43. John (You Can Call Me Grandma) Murphy Posted: December 30, 2008 at 09:57 PM (#3040535)
With regard to your puzzlement about Deacon White: the capsule summary would be that he played forever, he played valuable positions (including C and 3B), and he hit forever. For the expert summary, consider this: in the Hall of Merit's inaugural election in 1898, which was preceded by extensive discussion (that I had no part of), the whole sweep of baseball history up to that time was available. Of the players eligible for that election, something like 15 or 16 have eventually been elected to the Hall of Merit, and a few others (Ed Williamson, Mickey Welch) still draw votes. Against that background, White was the single leading vote getter. Take that as a collective expert opinion.


White was also the best catcher of the 1870s, bar none.

He's one of the most inexplicable HOF omissions, IMO, since he's so far above the HOF standard.
   44. jimd Posted: December 30, 2008 at 11:05 PM (#3040570)
Old-Timers Committee:
White
Dahlen
Ferrell
Gordon

Veterans Committee:
Santo
Torre
Allen
Tiant
   45. DCA Posted: December 30, 2008 at 11:25 PM (#3040579)
Dahlen
Gordon
Stephens
White
(would vote for Magee also if I could)

Allen
Santo
Torre
(rare to find myself voting for less than the max, but I don't think the others are deserving)
   46. DL from MN Posted: December 31, 2008 at 03:42 AM (#3040671)
Bill Dahlen
Joe Gordon
Sherry Magee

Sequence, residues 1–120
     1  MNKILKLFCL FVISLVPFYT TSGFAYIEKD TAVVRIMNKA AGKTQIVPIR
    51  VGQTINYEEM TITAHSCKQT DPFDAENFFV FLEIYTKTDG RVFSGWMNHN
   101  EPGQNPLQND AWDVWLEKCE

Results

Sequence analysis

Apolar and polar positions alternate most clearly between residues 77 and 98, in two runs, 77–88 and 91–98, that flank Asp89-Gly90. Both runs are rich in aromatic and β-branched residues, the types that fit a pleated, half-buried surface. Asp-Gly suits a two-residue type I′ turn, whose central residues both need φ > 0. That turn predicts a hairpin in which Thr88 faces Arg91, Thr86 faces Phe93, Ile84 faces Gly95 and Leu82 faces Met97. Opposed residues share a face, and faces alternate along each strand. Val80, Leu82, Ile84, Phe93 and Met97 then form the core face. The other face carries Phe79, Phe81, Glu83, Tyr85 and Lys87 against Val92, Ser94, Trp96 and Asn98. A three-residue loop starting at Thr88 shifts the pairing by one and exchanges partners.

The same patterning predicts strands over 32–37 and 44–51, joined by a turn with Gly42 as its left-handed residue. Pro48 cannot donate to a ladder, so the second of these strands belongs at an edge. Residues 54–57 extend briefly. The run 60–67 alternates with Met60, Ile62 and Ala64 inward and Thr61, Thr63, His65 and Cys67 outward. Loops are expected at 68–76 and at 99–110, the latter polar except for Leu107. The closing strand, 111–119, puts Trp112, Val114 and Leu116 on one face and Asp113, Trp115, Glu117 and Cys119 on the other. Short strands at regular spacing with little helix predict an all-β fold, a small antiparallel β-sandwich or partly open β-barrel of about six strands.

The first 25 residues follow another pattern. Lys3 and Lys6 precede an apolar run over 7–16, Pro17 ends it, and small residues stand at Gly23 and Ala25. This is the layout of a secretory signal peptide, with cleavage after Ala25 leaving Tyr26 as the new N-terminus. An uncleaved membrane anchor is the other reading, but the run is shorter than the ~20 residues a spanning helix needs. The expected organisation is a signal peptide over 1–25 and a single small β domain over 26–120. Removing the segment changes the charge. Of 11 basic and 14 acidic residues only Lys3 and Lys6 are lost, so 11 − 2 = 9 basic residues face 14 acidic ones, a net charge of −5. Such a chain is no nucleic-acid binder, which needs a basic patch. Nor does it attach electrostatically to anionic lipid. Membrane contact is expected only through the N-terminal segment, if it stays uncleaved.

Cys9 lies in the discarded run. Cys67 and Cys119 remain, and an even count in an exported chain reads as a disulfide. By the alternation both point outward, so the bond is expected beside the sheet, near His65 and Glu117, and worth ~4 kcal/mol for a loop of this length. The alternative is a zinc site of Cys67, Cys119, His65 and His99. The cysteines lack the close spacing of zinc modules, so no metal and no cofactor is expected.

Deacon White

Dick Allen
Ron Santo
Luis Tiant
Joe Torre

What screening committee leaves out Bobby Grich but passes through Maury Wills?!
   47. JPWF13 Posted: December 31, 2008 at 03:53 PM (#3040865)
Bill Dahlen
Sherry Magee
Deacon White
Joe Gordon


Dick Allen
Ron Santo
Joe Torre


None of the pitchers, Ferrell was the most interesting case due to his hitting, worth approx 120 runs over the average pitcher... that makes his 116 ERA+ equivalent to another pitcher's 124/125- but he had only 2600 ip...
close but no...
   48. Jolly Old St. Nick Still Gags in October Posted: December 31, 2008 at 04:37 PM (#3040924)
Andy:

With regard to your puzzlement about Deacon White: the capsule summary would be that he played forever, he played valuable positions (including C and 3B), and he hit forever. For the expert summary, consider this: in the Hall of Merit's inaugural election in 1898, which was preceded by extensive discussion (that I had no part of), the whole sweep of baseball history up to that time was available. Of the players eligible for that election, something like 15 or 16 have eventually been elected to the Hall of Merit, and a few others (Ed Williamson, Mickey Welch) still draw votes. Against that background, White was the single leading vote getter. Take that as a collective expert opinion.


Thanks, OCF. That provides a lot more context than you can get from simply looking at the BB-ref page.

You really need to take another look at Bill Dahlen.

I did. You're right. He'd get my vote.

Even as a player, Torre makes a plausible candidate. He really could hit, and he played a lot of catcher. Note that we did elect him to the HoM purely as a player, not that he's a slam dunk that way.

HoVG IMO, though given his position you could argue him into a big Hall. The problem is that he never caught a game after he was 29.

How are Reynolds/Raschi/Lopat more impressive than Wynn/Garcia/Lemon? I'd also suggest that some part of what you perceive as the value of Reynolds et al is really the value of Rizzuto, DiMaggio, McDougald and the rest of the gloves.